Physician Health

A dozen changes that are easing physician burnout at Beth Israel

Sara Berg, MS , News Editor

Physician burnout surveys are often helpful in understanding the size and nature of the problem within the workplace. However, for Beth Israel Deaconess Medical Center, many of the available surveys did not provide customized strategies on how to intervene. To identify appropriate steps in establishing how to address burnout, Beth Israel worked in collaboration with the AMA to administer the Mini Z burnout survey.

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Before deploying the Mini Z to identify and evaluate physician burnout, the leadership team at Beth Israel identified 20 changes that could improve doctors’ work life and that they knew they could implement. The team then asked physicians to rate each of these options.

“We used our survey to assess our baseline status, but simultaneously as an opportunity to ask the physicians to prioritize interventions that were most important to them,” said Alexa Kimball, MD, president and CEO of Harvard Medical Faculty Physicians at Beth Israel Deaconess Medical Center Inc. “We gave them a list of things we felt confident we could achieve and that we thought could have an impact.”

“The results allowed us to prioritize our efforts and also set us up for a positive and consistent communication back to our physicians that say, ‘We asked, we listened and here’s what we have done,’” said Dr. Kimball, who is also professor of dermatology at Harvard Medical School.  

Committed to making physician burnout a thing of the past, the AMA has studied, and is currently addressing issues causing and fueling physician burnout—including time constraints, technology and regulations—to better understand and reduce the challenges physicians face. By focusing on factors causing burnout at the system-level, the AMA assesses an organization’s well-being and offers guidance and targeted solutions to support physician well-being and satisfaction.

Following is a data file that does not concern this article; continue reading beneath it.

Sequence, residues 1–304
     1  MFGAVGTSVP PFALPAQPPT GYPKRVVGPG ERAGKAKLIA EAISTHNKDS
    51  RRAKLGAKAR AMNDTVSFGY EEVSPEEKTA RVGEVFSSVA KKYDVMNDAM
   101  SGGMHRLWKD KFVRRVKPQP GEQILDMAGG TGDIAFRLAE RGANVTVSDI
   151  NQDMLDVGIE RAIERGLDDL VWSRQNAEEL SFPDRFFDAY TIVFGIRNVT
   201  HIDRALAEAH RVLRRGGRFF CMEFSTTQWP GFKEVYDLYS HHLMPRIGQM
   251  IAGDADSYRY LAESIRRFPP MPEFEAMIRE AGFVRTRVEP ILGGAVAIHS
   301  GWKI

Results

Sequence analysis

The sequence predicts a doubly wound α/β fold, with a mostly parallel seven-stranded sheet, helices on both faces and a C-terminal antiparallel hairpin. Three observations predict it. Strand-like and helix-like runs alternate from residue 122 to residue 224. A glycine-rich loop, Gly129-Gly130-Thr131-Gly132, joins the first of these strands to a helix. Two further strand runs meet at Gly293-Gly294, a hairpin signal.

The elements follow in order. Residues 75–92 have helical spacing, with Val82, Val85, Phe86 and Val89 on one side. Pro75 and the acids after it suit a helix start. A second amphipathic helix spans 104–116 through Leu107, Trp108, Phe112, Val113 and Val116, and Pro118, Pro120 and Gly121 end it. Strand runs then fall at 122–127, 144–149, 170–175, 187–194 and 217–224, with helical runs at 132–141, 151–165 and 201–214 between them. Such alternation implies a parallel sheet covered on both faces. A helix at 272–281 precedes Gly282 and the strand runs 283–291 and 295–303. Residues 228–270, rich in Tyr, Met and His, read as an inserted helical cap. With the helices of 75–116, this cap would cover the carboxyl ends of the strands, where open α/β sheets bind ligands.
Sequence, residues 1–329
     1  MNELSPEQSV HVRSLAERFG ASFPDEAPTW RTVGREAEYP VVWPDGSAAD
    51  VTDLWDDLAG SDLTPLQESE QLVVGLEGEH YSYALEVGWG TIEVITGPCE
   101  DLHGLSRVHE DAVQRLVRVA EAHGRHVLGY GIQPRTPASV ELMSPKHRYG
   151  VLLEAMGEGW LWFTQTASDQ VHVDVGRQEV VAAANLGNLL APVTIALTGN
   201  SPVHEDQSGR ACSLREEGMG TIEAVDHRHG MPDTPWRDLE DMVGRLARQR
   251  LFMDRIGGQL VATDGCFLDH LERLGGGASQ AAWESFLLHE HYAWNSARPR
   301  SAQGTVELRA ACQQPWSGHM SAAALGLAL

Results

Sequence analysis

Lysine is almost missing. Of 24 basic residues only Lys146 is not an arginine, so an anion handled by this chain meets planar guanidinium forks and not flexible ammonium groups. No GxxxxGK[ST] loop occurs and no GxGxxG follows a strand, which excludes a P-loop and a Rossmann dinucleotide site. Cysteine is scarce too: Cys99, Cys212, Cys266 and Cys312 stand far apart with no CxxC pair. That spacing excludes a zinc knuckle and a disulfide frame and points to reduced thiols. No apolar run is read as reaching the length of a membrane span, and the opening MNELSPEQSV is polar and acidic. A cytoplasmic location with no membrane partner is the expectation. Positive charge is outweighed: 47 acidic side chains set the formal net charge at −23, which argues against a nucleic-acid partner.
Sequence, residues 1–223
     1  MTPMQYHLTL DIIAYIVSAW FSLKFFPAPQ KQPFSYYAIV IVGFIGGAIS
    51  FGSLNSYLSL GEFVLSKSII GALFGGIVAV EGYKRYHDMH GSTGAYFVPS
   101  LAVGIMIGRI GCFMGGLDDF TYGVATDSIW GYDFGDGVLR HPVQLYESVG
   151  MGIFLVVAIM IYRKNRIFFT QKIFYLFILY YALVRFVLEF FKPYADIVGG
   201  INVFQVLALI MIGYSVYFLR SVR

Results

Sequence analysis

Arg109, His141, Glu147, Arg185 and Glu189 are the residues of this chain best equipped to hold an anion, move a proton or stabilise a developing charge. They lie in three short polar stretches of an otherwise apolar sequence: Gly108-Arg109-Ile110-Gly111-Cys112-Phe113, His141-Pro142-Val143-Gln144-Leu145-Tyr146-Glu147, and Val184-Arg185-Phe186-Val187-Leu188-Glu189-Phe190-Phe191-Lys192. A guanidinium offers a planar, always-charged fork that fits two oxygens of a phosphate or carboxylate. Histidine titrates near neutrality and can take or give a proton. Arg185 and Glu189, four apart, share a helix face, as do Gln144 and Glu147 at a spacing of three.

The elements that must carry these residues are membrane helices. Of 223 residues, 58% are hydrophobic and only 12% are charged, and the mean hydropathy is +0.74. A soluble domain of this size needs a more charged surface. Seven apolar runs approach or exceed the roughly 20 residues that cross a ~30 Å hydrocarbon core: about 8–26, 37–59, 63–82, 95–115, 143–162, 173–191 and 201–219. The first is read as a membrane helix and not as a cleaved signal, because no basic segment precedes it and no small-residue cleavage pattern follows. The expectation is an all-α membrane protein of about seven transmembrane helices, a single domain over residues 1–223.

Here is how the Mini Z helped Beth Israel improve their approach to identifying and evaluating physician burnout.

“Even before the results of the survey were available, we expected that there would be things we could do to help improve the physicians’ experience,” said Dr. Kimball. “We searched the literature for interventions that had been tried, we brainstormed amongst ourselves and we asked the departments to share their best practices.”

After brainstorming, it was important to ensure each task was achievable.

“This approach allowed us to have buy-in from the groups that would have to implement the change even before we knew what the physicians wanted,” she said. “This approach also allowed us to intervene right out of the gate once we had the data back—we didn’t have to wait to design an intervention. We knew exactly what we wanted to do.”

The list included many ideas from the IT department, but also from across multiple other domains. After completion of the Mini Z, the team at Beth Israel incorporated a list from their academic physicians, which resulted in these 12 priorities:

  • Simplify or provide more support for Harvard promotion process (CV assistance).
  • Cut the number of clicks in their EHR.
  • Provide additional training for administrative team members to enhance the patient experience.
  • Add a split screen to keep notes open while reviewing other sections of their EHR.
  • Streamline and simplify credentialing paperwork.
  • Shorten and simplify mandatory training, and provide CME credit when possible.
  • Automatically populate ICD-10 billing codes into orders, notes and problem lists.
  • Provide medical assistants with additional training so they can assist more during ambulatory visits.
  • Provide more help with processing prior authorizations for medications or procedures.
  • Develop tools to help address underutilization or cancellations (operating room time, ambulatory clinic space, patient visits).
  • Provide more consolidated benefits information online.
  • Expand child care and family resources.

“We are pleased to report that we have completed 11 of the top 12, and the 12th is in progress,” said Dr. Kimball. “We have also consistently reported back to our faculty those results throughout the year. Having a priority list also gave us tremendous influence in speaking to other groups who needed to help us because we could say, ‘This is what the physicians told us they needed.’”

The AMA Ed Hub™—your center for personalized learning from sources you trust—offers education and CME on a broad range of topics, including professional well-being from the AMA’s STEPS Forward™ open-access modules offering innovative strategies that allow physicians and their staff to thrive in the new health care environment. These courses can help you prevent physician burnout, create the organizational foundation for joy in medicine, create a strong team culture and improve practice efficiency.

The AMA also offers practice transformation strategies and resources designed to increase professional satisfaction and physician well-being.